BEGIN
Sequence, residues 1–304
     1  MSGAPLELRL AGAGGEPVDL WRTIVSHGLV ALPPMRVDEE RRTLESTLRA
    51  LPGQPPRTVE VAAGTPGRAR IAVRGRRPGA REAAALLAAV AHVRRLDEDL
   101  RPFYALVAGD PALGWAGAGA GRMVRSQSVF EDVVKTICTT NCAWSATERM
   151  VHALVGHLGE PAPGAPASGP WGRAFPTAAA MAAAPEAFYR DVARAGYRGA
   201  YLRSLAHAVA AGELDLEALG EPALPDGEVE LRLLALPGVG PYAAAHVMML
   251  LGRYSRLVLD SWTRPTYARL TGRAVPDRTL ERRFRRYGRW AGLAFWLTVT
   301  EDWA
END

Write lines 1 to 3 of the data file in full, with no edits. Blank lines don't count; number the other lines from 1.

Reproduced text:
Sequence, residues 1–304
     1  MSGAPLELRL AGAGGEPVDL WRTIVSHGLV ALPPMRVDEE RRTLESTLRA
    51  LPGQPPRTVE VAAGTPGRAR IAVRGRRPGA REAAALLAAV AHVRRLDEDL